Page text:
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SummaryA nice kids game that has an easy-to-use interface and some interesting mechanics
The GoodThis game wasn't something I grew up with. Firstly, I had a Commodore 64 but Sierra didn't make games for it around 1987. Secondly, it wasn't until 1992 until I purchased my first PC and even then I grew out of all things Mother Goose. Sierra was the only company that sold a Mother Goose-related product, and it was created by Roberta Williams, the same author that wrote King's Quest.
The game is called Mixed-up Mother Goose for a reason, and it's not because the nursery rhymes featured are "mixed-up" with others. You are transported to a land of Banbury where several objects are littered everywhere. It is up to the player to take these objects to the person who is featured in the rhymes. Although there are some rhymes that I knew from school such as Humpty Dumpty and Little Miss Muffet, I haven't heard most of them.
Once the player correctly matches the object with the person, the game reproduces the nursery rhyme, complete with animations. Although the nursery rhymes sounds tolerable through the PC Speaker, it sounds a lot better if you own a Tandy computer. What's good about the rhymes is that the player can sing along to them while they watch the animations. As far as the animations go, they blend in with the verses, and they look neat. The main theme song also sounds nice.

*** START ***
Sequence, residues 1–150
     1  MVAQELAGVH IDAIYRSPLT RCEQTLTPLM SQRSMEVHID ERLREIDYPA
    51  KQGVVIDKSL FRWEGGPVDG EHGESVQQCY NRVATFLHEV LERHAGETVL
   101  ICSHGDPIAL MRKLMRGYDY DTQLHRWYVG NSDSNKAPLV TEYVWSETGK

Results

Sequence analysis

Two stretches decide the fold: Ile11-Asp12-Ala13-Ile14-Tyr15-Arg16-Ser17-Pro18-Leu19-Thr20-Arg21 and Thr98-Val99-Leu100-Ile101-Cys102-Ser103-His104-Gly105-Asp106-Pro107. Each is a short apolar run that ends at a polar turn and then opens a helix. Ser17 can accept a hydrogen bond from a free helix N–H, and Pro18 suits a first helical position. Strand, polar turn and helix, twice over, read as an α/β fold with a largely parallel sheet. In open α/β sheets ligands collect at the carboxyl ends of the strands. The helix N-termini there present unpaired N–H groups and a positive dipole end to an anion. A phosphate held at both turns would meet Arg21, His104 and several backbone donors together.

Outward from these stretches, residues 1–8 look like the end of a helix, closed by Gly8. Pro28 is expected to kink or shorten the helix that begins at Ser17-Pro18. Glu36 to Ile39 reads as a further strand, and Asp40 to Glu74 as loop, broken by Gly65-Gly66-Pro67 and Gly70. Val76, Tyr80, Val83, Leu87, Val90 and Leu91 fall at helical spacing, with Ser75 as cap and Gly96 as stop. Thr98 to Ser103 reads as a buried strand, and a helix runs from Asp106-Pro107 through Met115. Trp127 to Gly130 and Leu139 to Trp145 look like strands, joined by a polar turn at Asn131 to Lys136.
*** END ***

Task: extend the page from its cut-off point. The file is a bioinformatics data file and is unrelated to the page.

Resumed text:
The game uses a modified version of Sierra's AGI engine. Picking up objects is as easy as touching them. They are displayed in the box in the upper-right corner, and remains there until it is given to their owner, which can be achieved also by touching. I like this game mechanic as it is easier to do things in the game. You don't have to enter "pick up object" or "give object to someone". One object can be carried at a time, making it easier for children since it avoids confusion about the number of objects are stored and what they look like.
The graphics are very good even under the low resolution of 160x200. The roads, as well as the houses that line them, are laid out nicely; and the interiors are well designed. The game world itself is huge, and it is easy to get lost without a map. It is nice that the game has a night time setting, to accompany the Hey-Diddle-Diddle nursery rhyme.
Finally, the game is replayable. With the exception of the watering can, each object is placed in a different spot each new game, meaning that children can't memorize the locations of all objects. Also, selecting your appearance before you start the game is a nice touch. I got to play as a child that looks like me, but without the glasses!
The BadRoberta knows how to make a kid's game, so I have nothing to complain about.